Theologically, Christian ethics tends to focus on God/Christ/Spirit as the ethical enabler of humans; the central idea being that humans are inherently incapable of meeting God’s moral demands. Particularly important is the Johannine focus on the “I–am” sayings of Jesus, which explicates Christian living as derived from Jesus rather than as inherent within a disciple and the understanding of Jesus as the Spirit-baptizer who enables a believer to live a spirit-filled life rather than a life led by the flesh. Similarly, pivotal are the Pauline explications of Torah/Spirit antithesis and flesh/spirit antithesis, both indicating that the ethical life of a believer is a consequence of the Spirit’s function.
Culturally, particularly as instanced within the “secular culture”, it tends to have quite the opposite effect in that the culture tends to deal with an impractical ethical requirement by redefining it to more attainable levels by lowering the moral bar to the realm of human possibilities. Søren Kierkegaard accuses the Danish culture of his time to have precisely done that. Using his typical irony, Kierkegaard argues that the people turn against the ideal and ask, “of what use is the biblical requirement, since no one, after all, fulfills it?” It has become “the impractical, a foolishness, a ridiculousness, so that they, mutinously or conceitedly, reverse the relation, seek the fault in the requirement and themselves become the claimants who demand that the requirement be changed.” [Judge For Yourself, 156–7].
This can be seen as the flip side of Protestant Reformation, which as Taylor argues was “a drive to make over the whole society to higher standards” [A Secular Age, 63] but in reality, it did quite the opposite. Prior to the Reformation, Western societies functioned by a different calculus. Of the late medieval period, James K A Smith (summarising Taylor) writes,
What had been intended as a division of labor between religious and lay vocations had taken on this hierarchical ordering and become a ‘two-tiered religion” (p.63), a ‘multi-speed system’ (p.66) with monks and clergy on a fast track, looking disdainfully at the domestic slowpokes mired in ‘the things of this world’ (even though their labor and profit sustained the monasteries and abbeys). Conversely, because spiritual pressure was sequestered to the religious vocation, the ‘weight of virtue’ was relaxed for the wider populace. Carnival was effectively generalized, and some felt that the laity was being let off the eternal hook [How (Not) to be Secular, 35–36].
Reform, intended to amplify the belief that “God is sanctifying us everywhere” [A Secular Age, 79] also entails the opposite: “If people aren’t meeting the bar, you can either focus on helping people reach higher or you can lower the bar. This is why Reform unleashes both Puritanism and the ‘60s” [How (Not) to be Secular, 37].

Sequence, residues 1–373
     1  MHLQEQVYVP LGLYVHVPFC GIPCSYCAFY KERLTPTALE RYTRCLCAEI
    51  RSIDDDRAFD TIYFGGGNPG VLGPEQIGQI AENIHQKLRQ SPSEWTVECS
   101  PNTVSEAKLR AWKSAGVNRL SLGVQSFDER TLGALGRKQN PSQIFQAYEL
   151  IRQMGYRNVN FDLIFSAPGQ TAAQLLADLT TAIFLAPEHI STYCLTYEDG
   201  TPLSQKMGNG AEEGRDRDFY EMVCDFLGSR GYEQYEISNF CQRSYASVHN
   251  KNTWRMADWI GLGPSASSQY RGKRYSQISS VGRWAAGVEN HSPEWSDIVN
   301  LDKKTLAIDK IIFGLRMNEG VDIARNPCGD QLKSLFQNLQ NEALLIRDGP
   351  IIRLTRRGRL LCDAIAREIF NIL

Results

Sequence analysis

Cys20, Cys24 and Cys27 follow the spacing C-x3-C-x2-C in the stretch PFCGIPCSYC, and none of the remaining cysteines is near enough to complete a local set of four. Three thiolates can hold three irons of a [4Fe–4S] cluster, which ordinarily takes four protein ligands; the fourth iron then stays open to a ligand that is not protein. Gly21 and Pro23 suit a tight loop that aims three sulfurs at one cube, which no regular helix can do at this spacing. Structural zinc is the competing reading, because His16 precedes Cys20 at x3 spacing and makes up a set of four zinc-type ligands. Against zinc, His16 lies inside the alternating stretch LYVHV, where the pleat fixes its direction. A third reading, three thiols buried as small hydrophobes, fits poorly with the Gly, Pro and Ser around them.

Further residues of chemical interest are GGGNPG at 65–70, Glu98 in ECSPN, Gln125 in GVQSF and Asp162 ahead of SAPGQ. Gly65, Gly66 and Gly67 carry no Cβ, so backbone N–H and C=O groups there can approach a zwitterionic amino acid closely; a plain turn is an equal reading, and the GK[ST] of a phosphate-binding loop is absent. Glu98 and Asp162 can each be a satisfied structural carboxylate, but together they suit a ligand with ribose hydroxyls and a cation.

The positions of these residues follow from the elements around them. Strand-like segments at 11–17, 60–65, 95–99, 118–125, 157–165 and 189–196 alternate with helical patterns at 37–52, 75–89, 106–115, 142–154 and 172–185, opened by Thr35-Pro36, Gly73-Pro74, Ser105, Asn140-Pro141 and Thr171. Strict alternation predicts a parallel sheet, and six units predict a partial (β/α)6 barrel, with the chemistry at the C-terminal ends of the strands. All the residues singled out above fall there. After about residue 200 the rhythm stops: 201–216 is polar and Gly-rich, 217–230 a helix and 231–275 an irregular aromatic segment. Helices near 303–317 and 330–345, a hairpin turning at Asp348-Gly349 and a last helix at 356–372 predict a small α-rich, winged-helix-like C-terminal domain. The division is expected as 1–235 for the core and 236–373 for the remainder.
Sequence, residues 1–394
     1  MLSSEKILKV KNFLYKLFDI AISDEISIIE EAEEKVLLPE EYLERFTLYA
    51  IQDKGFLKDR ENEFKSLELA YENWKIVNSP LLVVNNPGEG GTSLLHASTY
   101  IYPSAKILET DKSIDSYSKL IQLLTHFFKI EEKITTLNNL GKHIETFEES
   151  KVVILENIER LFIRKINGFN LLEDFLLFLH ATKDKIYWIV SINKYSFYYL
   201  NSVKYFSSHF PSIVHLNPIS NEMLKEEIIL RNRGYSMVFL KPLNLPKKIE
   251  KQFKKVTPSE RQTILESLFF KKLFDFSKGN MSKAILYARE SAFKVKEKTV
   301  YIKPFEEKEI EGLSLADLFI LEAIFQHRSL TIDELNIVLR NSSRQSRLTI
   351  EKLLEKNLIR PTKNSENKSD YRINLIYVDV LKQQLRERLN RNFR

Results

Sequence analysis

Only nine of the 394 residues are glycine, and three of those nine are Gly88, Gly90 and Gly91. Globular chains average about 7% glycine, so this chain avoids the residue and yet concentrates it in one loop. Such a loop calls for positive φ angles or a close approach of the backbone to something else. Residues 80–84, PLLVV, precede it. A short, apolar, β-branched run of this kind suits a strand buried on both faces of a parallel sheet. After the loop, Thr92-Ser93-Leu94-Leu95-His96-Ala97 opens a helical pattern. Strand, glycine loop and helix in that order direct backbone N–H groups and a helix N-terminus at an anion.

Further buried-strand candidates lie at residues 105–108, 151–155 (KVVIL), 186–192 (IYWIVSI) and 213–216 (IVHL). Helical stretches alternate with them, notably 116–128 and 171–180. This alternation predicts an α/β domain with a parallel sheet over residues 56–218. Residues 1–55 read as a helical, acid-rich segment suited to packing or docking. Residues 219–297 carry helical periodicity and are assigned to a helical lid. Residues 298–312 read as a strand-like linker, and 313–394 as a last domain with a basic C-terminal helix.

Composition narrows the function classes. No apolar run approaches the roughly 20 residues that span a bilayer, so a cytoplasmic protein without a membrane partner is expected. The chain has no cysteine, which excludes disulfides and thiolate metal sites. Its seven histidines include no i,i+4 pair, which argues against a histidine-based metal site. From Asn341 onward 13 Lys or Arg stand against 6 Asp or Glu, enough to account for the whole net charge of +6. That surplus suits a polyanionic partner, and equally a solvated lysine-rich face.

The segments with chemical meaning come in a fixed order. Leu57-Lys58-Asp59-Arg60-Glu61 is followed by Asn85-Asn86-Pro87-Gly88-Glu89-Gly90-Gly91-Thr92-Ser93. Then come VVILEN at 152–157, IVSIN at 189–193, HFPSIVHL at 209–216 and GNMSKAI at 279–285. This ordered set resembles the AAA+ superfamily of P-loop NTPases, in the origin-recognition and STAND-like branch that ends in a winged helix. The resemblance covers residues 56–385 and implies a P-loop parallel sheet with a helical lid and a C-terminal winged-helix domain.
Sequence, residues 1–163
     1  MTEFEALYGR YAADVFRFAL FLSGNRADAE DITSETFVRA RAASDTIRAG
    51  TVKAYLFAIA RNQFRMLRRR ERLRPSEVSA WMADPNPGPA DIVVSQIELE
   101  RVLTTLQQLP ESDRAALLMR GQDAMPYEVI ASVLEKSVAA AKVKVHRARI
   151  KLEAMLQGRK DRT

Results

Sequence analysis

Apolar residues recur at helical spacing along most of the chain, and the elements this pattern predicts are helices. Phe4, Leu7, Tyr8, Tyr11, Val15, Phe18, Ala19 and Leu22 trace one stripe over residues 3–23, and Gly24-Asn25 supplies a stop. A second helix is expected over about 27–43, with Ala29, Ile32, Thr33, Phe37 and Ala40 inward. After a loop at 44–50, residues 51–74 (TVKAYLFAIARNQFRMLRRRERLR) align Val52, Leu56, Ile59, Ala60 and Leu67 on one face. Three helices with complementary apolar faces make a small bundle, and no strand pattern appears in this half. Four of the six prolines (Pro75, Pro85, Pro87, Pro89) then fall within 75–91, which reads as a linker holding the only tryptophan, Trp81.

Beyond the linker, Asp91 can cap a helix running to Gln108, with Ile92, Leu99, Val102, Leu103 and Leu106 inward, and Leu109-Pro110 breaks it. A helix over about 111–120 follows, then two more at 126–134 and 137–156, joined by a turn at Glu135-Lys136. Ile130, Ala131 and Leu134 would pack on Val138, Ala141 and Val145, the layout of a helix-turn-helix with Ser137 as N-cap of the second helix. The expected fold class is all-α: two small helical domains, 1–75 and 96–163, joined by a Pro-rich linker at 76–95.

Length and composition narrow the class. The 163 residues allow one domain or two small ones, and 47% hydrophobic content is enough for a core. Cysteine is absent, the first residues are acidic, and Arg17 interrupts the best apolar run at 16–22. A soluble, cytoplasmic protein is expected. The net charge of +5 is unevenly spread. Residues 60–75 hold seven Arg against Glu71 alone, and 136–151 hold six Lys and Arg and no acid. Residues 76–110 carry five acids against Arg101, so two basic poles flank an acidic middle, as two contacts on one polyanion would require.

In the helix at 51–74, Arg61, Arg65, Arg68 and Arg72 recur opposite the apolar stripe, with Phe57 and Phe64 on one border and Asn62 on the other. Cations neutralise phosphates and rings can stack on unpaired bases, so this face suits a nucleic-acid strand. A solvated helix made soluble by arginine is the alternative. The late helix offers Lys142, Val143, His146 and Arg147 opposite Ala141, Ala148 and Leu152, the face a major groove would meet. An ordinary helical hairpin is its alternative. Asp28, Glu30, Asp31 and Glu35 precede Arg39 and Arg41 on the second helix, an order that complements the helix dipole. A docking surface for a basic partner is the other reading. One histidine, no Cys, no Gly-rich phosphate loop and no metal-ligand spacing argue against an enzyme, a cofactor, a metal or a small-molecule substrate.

The recasting of traditional morality in the West may thus be understood not merely as resulting from the evacuation of God, but also that its “denial” of transcendence itself may be a psychological defense mechanism—a refusal to accept the truth within the cultural psyche, because of being haunted by Christian ethics. The swing of the Western cultural pendulum towards individual autonomy may be understood as a process of cultural prodigalization, entailing a shift in its moral vision (after all, the son becomes a prodigal by becoming autonomous!). Concurrent to the cultural shifts towards individual autonomy is the redefining of moral freedom from its classical sense as the power to choose against one’s natural inclination to defining it as a right to choose according to one’s inclinations.
In short, the picture of secular as the prodigal is one where the secular inherits its share of (Christian) values and embarks on a journey of ideological alienation from Christian orthodoxy, shifting cultural variables within the society in the process. While this alienation instances a loss of transcendence, to a large extent, the virtues borrowed from Christianity remain (at least for the present), although purely within the realm of immanence and are often the very stick that the secular uses to beat traditional orthodoxy with.
It is interesting to note that people all over the world tend to hold “Christian civilizations” to a higher standard. This may be instanced in the debates about immigration of refugees that predominantly remain a battle within the West and even when articulated elsewhere, it strangely is about the West. Conspicuously absent from engagement on this matter are practically every non-Western nation, including majority of the Arab countries—a good number of which are richer than the West, Japan, Singapore, Malaysia, China, and we may add India to this list as well, given how we are dodging any humanitarian responsibility toward the Rohingya refugee crisis.